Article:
Autumn is coming early this year. Rumor has it that despite the heat, Starbucks is releasing its pumpkin spice latte earlier than ever, on 27 August. The yearly unveiling of the drink, which has become as emblematic of the autumn as the changing leaves, is a media obsession – to the point that outlets publish articles announcing that there is no announcement. It’s proof of the company’s success: Starbucks has helped to brand an entire season.

The pumpkin spice latte is now available in more than 50 countries, the company says. As of last year, the drink had brought in roughly $1.4bn in sales, according to media estimates. And in the US, it has become inextricable from autumn, to the point where a chill in the air feels like a Starbucks promotion.

The store’s advertising is full of quaint illustrations of falling leaves. The drink’s own Twitter account features enough autumnal orange to make the Great Pumpkin vomit. “Pumpkin spice latte has become more than just a beverage,” the Starbucks executive Peter Dukes, who was central to the drink’s development, says in a press release. “It has become a harbinger of the season.”

The company would not confirm this year’s release date to the Guardian, but it did let us know that there is such a thing as the Starbucks Leaf Rakers Society. According to the group’s Facebook page, it celebrates “fall year long”. Among the group’s rules are “No hatin’ on fall” – it is, after all, “a safe place” for pumpkins and “scarf-wearers”, two of the most oppressed groups in America. They are reminded that any products mentioned must be “Starbucks-focused”: please, if you’re going to give us free advertising, don’t get too creative.

Apparently more than 29,000 people manage to derive some sort of pleasure from the group, though some of them may be pumpkin spice bots.





The pumpkin spice latte from Starbucks.



The pumpkin spice latte from Starbucks. Photograph: Courtesy of Starbucks

The popularity of the drink has helped drive an entire cottage industry of pumpkin spice things; Eater has documented 65. And given the flavor’s association with Starbucks, each item – from Nestlé Toll House pumpkin spice morsels to GoGo squeeZ apple pumpkin spice squeezable apple sauce – enters into a promotional feedback loop that offers, in effect, more advertising for Starbucks.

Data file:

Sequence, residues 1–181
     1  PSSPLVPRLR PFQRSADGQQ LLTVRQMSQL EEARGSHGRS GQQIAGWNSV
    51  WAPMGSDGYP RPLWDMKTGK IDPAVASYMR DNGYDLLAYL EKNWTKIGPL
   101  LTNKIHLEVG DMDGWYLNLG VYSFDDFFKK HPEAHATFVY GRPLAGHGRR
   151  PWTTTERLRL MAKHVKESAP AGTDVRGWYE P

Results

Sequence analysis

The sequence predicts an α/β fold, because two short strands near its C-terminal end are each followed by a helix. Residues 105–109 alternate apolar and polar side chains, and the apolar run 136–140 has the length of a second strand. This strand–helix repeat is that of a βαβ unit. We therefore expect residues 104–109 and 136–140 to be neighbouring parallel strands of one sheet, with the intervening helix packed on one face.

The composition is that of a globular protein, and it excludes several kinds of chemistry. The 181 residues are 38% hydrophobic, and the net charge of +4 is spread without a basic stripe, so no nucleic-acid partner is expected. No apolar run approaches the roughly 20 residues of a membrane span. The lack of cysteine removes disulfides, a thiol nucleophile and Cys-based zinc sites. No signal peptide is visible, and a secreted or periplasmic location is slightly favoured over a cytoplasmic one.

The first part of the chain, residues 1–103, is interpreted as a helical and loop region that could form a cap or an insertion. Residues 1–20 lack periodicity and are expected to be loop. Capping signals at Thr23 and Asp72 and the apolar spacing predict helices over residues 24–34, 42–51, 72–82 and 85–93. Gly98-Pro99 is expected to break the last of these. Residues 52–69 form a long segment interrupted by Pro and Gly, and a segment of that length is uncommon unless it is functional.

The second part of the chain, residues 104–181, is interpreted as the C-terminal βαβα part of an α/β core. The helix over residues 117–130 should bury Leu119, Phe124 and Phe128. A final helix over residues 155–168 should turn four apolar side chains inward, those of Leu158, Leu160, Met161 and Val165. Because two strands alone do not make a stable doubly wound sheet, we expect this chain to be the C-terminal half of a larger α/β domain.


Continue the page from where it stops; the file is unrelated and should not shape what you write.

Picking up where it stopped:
Given the apparently endless appetite for pumpkin spice, you’d think our forebears had been clamoring for it for centuries.

Starbucks’ pumpkin spice latte saw the light in 2003. The company says it was looking for something to fill the yawning gap between the eggnog latte and the peppermint mocha. Surrounded by fall decor, the team “would sample a forkful of pumpkin pie, followed by a sip of hot espresso – teasing out which flavors from the pie best complemented the coffee”, the company claims. The result is a sickly sweet combination that has changed America forever.

Perhaps the obsession with the drink is linked to the fact that autumn, with its crunching leaves, bright colors and invigorating breezes, seems to be disappearing. Climate change has altered the way we experience it, and Starbucks is simply feeding our need for what is many people’s favorite season. That’s why, come 27 August, I plan to don my LL Bean fleece and Burberry scarf and head straight to my local Starbucks.




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